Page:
Center hall at the Philbrook

Philbrook oculus

Just walking the halls of this Renaissance style villa, built in 1927 and designed by architect Edward Buehler Delk for the Phillips as “a place where there two children could entertain friends” ( Imagine the sleepovers you could have! ), is a pleasure in itself.

Corridor at the Philbrook

The museum houses a varied and extensive permanent collection of art, ranging from African & Asian collections, Native American art to Italian Renaissance and a surprising and delightful modern collection.

Bougereau at the Philbrook, a favorite artist of the Frenz's

Lovely little Picasso at the Philbrook

Fabulous modern design collection at the Philbrook

While the museum collections are enjoyable, it is the museum grounds that really steal the show.  Though we visited on a gray and rainy day, it didn’t stop us from exploring the extensive gardens behind the museum.  The original formal gardens extend from the rear colonnade of the museum down to the tempietto.  Let’s take a little walking tour..

Rear collonade at the Philbrook

View from the colonnade down to the tempietto

Wonderful stepped fountain

Beautiful, naturalistic water feature

No formal garden is complete without a koi pond!

View from the tempietto back toward the museum

Yours truly in the tempietto ( wouldn't this be a romantic spot to pop the question? )

Contemporary sculpture walk beyond the formal gardens

Let’s switch gears now, fast-forward through another 12 hour day on the road and pay a little visit to Denver.  While in the mile-high city, we spent some time downtown including a tour through the Denver Art Museum.  While the Philbrook is classically ornate, the DAM’s Hamilton Building, where we spent our time, is splendidly contemporary.  Designed by Daniel Lubeskind, the structure represents the Rocky Mountain peaks surrounding Denver.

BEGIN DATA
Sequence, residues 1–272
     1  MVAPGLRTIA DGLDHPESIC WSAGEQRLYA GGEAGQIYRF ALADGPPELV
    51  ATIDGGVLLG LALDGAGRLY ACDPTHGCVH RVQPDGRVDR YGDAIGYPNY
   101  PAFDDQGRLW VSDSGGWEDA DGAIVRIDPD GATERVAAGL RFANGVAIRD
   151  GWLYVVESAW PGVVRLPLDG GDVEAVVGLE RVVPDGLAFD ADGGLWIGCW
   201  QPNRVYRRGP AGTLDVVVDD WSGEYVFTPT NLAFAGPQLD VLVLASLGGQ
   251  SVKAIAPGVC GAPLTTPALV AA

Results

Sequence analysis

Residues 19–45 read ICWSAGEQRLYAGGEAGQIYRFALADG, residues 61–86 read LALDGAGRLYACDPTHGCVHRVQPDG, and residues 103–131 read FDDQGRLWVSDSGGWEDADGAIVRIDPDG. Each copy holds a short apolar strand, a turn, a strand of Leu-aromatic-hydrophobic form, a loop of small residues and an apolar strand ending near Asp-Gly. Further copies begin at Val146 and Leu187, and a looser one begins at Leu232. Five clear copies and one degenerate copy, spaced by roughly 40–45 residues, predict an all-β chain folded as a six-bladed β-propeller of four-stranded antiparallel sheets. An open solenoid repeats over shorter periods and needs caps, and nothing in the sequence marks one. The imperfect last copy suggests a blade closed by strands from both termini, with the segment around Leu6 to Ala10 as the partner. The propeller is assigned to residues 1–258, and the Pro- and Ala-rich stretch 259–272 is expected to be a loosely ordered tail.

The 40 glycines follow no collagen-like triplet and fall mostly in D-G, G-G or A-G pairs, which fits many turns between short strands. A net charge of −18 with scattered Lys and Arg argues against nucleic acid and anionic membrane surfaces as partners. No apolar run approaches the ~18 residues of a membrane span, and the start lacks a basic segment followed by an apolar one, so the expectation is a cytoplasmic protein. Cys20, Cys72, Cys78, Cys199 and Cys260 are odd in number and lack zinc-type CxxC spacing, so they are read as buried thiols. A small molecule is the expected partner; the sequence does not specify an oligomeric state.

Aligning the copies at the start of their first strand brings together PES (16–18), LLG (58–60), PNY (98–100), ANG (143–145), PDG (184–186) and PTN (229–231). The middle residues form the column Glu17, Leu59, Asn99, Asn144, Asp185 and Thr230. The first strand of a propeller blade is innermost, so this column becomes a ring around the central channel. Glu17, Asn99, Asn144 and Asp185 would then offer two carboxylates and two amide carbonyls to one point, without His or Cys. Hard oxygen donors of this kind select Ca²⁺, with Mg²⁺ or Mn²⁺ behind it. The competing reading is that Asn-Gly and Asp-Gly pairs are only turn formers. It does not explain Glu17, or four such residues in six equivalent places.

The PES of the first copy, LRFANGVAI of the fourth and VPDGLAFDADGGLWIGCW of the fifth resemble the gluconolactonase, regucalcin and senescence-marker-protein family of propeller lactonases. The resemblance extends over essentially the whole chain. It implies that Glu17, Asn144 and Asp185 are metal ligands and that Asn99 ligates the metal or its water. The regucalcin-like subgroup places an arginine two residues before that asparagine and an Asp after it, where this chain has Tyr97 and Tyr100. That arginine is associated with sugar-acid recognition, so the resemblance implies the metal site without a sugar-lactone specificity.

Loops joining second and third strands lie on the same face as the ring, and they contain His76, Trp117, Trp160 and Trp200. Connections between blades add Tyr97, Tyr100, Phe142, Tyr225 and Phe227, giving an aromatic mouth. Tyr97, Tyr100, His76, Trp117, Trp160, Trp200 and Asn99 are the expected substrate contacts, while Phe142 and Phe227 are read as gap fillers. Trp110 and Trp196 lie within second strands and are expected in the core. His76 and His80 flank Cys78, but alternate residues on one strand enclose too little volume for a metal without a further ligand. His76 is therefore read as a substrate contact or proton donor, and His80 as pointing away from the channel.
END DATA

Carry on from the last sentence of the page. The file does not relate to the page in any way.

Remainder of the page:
Denver Art Museum

We started at the top and worked our way down, discovering lots of fun & interesting contemporary work along the way.

Noguchi sculpture and Motherwell painting **Sidenote: Motherwell was born in Aberdeen, WA, the town where we are living for the summer.

Ceramics at DAM

Did you notice in the pictures above how the walls are slanted?  The angled walls created a very interesting visual space, especially in the 4th floor gallery where they were prominent.   They were a bit disconcerting when walking down the main stairs, though!

Artist: Mark Tansey

We were all fascinated by the piece above, by Mark Tansey.   Another highlight was the Fox Games installation by Sandy Skoglund.  I first saw Skoglund’s work in Jacksonville and am always fascinated by the environments she creates.

Fox Games by Sandy Skoglund

And there was just something about “Minotaur with Brushstrokes” that appealed to us.  What can I say, we like work that makes us smile.

Minotaur With Brushstrokes by Richard Patterson

Speaking of making us smile, George & I also loved the piece below, although I’m sad to report that I don’t recall the name of the artist.  But it reminded me of spring in the Northwest.

Kicking myself for not writing down the title & artist for this piece! Anyone have any clues?

The museum also boasts an impressive Western American Art Collection, as well as African, American Indian, Oceanic, Pre-Columbian and Spanish Colonial Collections.  We toured through the current special exhibition, Cities of Splendor: A Journey Through Renaissance Italy, but alas, no photography allowed in the exhibit, so you’ll have to check out the DAM website for a taste.  As you can see, our art experiences on this trip were widely varied and we are looking forward to more such experiences here in the Northwest.

Masterworks Monday: Rauschenberg in Tulsa

6 Jun

Hello Artsies!!!  After being out of the blogosphere for the past three weeks or so, I am finally back behind the computer, as it were and it feels great.  I have so much to share that I hardly know where to begin..  As many of you know, my hubby George and I recently moved from Florida to Washington.  We were incredibly blessed to be able to make a vacation out of our cross-country trek, with stops to see friends, new places and old favorites along the way.